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John Barrett: To ask the Secretary of State for International Development what assessment she has made of the impact the use of child labour in the diamond trade of the Central African Republic is having on efforts to educate children in the country; and if she will make a statement. 
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Clare Short: DFID has no programme in the Central African Republic and contributes through multilateral channels. The European Commission's ninth EDF programme sees institutional capacity building and the promotion of good governance as a priority area.
Clare Short: Our assistance to the Central African Republic (CAR) is provided through multilateral channels. We provide support to UNAIDS and the World Health Organisation who are currently assisting the CAR improve HIV/AIDS surveillance and detection facilities through the implementation of their national AIDS strategy. The EC programme in CAR, to which we contribute, includes work on HIV health education.
John Barrett: To ask the Secretary of State for International Development how much of the money allocated by the Government for the procurement of maize meal in Lesotho has been spent; and if she will make a statement. 
Clare Short: Of the £18.75 million that we allocated to the World Food programme for their emergency operations in Central and southern Africa, £1.5 million was earmarked for their emergency operation in Lesotho. The WFP tell us that our allocation in Lesotho has purchased 2,560 tonnes of split peas, 555 tonnes of vegetable oil and 400 tonnes of beans.
John Barrett: To ask the Secretary of State for International Development what assistance she has offered to the President of Sierra Leone to ensure the provision of basic services in the country. 
Clare Short: This year we plan to provide around £40 million of development assistance to Sierra Leone, of which some £10 million is in the form of direct budgetary support, in part to help meet social sector expenditure. When I met President Kabbah last month, I indicated that the UK was prepared to make a 10-year commitment to maintain a high level of support to Sierra Leone, so long as the Government remained firmly committed to raising standards of governance. Tackling corruption, thereby ensuring resources (including those going to health and education) were no longer wasted, would be a tangible indicator of this commitment.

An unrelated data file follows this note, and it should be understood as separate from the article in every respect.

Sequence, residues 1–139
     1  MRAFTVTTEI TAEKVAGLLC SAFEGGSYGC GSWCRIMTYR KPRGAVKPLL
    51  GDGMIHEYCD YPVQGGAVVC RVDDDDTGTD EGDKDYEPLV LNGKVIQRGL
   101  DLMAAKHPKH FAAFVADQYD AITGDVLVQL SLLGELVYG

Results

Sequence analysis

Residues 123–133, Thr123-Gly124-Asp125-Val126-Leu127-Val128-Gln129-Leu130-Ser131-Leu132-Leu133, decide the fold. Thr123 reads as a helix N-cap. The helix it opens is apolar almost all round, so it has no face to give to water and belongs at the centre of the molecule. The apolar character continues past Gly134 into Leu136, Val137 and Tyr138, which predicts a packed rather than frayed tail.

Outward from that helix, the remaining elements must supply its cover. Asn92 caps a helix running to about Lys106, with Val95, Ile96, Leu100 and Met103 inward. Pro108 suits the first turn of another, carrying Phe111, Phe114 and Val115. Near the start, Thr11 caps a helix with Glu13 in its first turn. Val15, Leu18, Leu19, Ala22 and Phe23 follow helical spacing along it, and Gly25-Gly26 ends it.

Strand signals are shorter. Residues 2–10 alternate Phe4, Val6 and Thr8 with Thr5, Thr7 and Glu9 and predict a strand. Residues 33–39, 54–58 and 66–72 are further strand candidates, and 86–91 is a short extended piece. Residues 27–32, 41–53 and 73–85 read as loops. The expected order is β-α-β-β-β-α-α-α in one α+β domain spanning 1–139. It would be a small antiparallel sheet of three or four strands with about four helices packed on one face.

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Government are funding to fight AIDS in Africa; how much the Government are planning to spend on this in the next three financial years; and what other measures the Government plans on this issue. 
Clare Short: DFID currently commits over £180 million to bilateral programmes working to combat HIV/AIDS in Africa. Major DFID HIV prevention and care programmes are currently running in Ghana, Kenya, Malawi, Mozambique, Nigeria, South Africa, Uganda, Zambia and Malawi.
Considerable additional financial support continues to be provided by DFID to institutions such as WHO, UNAIDS, UNICEF, UNFPA, the EC and to NGOs and civil society organisations in a coherent effort to combat this disease and support those already living with it. We have committed over £25 million to International Partnership Against AIDS in Africa which specifically supports action in Ethiopia, Rwanda, Burundi and Ghana.
New initiatives are being planned in a number of countries across Africa. A £20 million HIV/AIDS programme is currently being developed in Zambia aimed at behaviour change and HIV prevention. In South Africa, DFID is planning to invest up to £40 million in a multi- sectoral response to HIV/AIDS programme. In Nigeria, a £25 million HIV/AIDS multi-sectoral programme is currently under design to complement a £52 million national behaviour change programme started earlier this year.